While it helps to live in one of the cities listed above where drivers are clearly more cautious, according to Allstate’s report, it doesn’t hurt to take some steps to play it safer yourself. For starters, you can invest in proper auto insurance, since driving around without coverage is against the law and could ravage your finances if you’re involved in a crash. Your credit plays a key role in determining your rate, so a good place to start would be to see where you stand. (You can view two of your scores, updated each month, for free on Credit.com.)

Also keep in mind the other factors that influence insurance, such as your history of car insurance — or lack thereof — why you drive and even whether you’re married. You can learn more about the factors that go into your insurance rate here.

Image: Sasa Dinic

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Can You Be Sued for Texting a Driver?

sued-for-sending-text

Text-message senders, beware: U.S. courts are moving ever closer to blaming the sender of a text for car accidents that occur while the recipient is driving and texting back.

How could someone be responsible for an accident caused by a driver when they weren’t even in the car?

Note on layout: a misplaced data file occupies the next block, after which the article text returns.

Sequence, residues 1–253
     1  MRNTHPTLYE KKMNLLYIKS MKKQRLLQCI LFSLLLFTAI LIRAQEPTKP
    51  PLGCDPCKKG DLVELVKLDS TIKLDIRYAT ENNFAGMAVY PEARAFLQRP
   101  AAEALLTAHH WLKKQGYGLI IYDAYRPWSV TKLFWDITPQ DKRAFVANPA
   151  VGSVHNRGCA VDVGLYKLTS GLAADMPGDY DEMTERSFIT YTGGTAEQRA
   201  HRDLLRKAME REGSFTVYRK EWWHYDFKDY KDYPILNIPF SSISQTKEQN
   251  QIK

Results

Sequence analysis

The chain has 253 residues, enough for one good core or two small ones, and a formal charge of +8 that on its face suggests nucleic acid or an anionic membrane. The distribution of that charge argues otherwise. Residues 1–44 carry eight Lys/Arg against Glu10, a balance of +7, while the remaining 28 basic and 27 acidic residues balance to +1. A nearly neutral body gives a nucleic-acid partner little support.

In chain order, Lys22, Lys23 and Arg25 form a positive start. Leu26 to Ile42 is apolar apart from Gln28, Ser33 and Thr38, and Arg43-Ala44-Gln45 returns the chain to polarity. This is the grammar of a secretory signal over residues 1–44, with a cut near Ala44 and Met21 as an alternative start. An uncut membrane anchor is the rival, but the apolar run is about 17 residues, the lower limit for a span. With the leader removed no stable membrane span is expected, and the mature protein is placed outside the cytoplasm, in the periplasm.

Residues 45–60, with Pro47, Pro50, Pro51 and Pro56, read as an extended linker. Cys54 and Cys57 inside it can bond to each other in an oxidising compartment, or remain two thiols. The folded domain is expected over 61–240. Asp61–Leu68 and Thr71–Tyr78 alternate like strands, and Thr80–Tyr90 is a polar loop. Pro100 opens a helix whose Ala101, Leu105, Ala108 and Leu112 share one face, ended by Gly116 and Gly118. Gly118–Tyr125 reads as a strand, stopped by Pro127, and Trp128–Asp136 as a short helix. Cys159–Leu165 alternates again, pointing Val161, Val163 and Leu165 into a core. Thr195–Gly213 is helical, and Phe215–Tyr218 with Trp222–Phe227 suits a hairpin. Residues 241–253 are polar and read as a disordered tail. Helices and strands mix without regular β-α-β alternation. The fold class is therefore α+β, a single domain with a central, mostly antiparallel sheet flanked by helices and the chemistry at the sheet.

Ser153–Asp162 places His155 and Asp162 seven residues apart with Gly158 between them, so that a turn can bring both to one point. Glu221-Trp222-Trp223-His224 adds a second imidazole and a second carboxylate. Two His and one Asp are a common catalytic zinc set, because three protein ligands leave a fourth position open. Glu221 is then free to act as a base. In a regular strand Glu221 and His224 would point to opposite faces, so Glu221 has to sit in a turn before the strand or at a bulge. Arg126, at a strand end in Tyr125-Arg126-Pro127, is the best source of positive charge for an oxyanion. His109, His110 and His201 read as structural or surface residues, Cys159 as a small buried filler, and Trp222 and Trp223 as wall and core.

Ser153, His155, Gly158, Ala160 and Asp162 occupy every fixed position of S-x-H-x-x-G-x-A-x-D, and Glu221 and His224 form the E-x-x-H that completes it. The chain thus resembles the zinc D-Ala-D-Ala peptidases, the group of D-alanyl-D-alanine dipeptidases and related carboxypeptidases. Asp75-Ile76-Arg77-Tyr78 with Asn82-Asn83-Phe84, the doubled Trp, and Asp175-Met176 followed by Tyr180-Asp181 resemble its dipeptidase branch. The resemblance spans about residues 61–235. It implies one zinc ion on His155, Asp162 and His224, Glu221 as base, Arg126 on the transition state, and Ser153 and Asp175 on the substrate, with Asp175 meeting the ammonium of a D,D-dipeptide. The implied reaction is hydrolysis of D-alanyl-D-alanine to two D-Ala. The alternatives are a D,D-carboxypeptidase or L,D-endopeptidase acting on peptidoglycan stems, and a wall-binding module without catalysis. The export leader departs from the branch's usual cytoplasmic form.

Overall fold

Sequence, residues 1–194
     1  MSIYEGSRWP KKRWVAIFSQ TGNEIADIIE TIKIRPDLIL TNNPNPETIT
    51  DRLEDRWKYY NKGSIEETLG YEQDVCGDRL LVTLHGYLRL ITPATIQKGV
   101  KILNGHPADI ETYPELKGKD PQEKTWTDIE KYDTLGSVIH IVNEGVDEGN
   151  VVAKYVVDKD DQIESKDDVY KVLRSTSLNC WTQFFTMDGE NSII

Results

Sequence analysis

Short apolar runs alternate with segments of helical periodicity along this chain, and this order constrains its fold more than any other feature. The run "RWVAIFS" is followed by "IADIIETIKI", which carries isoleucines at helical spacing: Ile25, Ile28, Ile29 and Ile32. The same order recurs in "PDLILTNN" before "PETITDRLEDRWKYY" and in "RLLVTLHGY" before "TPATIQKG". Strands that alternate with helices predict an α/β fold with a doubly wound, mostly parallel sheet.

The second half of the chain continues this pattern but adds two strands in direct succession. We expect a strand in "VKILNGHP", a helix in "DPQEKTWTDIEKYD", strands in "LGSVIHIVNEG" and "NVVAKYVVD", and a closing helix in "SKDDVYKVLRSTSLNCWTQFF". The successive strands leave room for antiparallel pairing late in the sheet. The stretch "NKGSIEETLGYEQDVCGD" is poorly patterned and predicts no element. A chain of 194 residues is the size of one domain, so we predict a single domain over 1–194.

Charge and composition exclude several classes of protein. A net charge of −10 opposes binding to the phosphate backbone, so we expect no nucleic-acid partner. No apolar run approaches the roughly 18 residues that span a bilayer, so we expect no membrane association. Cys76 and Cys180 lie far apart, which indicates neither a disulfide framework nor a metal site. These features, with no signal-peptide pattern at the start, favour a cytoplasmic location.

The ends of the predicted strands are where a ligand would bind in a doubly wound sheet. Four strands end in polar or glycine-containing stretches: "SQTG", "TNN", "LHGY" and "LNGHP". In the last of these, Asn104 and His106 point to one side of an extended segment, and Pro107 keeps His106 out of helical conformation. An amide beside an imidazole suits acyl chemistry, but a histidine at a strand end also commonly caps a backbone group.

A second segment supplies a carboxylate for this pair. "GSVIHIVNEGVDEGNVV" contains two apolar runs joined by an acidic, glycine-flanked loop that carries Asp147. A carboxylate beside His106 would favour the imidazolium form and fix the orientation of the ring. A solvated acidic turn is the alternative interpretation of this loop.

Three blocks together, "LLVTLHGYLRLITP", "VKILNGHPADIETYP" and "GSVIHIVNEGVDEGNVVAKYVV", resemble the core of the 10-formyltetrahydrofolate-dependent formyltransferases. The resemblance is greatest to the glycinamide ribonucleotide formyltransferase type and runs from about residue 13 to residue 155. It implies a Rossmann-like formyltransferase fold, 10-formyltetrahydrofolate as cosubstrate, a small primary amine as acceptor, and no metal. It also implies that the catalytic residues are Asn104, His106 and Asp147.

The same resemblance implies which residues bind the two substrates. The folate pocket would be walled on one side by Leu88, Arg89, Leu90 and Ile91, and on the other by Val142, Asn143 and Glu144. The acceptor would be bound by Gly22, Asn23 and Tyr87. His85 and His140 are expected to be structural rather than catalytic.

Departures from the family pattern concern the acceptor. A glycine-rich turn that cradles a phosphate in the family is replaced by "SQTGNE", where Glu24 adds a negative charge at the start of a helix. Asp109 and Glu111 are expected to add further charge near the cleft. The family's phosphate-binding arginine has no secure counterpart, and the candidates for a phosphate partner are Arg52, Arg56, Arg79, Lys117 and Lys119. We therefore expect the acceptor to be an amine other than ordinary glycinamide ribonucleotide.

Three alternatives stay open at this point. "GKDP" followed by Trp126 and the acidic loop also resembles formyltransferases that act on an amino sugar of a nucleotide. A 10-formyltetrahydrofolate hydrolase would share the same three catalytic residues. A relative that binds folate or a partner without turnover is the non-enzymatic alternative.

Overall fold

I explored this only-in-the-digital-age notion several years ago in the MSNBC series, The Red Tape Chronicles, when a New Jersey man was sued after he texted with a woman around the time he struck another car, causing two sisters to become partially paralyzed. Briefly, the legal theory relies on the notion of “aiding and abetting,” an act that causes harm (a tort) to someone else. The plaintiff’s attorney in that case compared sending a text to a driver to holding a piece of paper in front of a driver’s face causing temporary blindness, which could lead to an accident.

That 2012 case, which gained national attention, was decided in the defendant’s favor, to the delight of critics who found the notion absurd. But while media cameras were focused elsewhere, a New Jersey appeals court left the door wide open for future lawsuits against text message conversation participants outside the car.

Now a Pennsylvania case has opened that door even wider.

A Lawrence County court recently ruled that a plaintiff may proceed with a lawsuit aiming to collect damages from a text sender after the recipient texted and failed to notice a motorcycle rider in front of her slowed to make a turn. The driver, Laura Gargiulo, struck the motorcycle, dragging rider Daniel Gallatin 100 feet to his death. Gargiulo had received texts from both Joseph Gargiulo (relationship unclear from court documents) and Timothy Fend, whom the court describes as a “paramour,” or lover. Both are named as defendants in the lawsuit.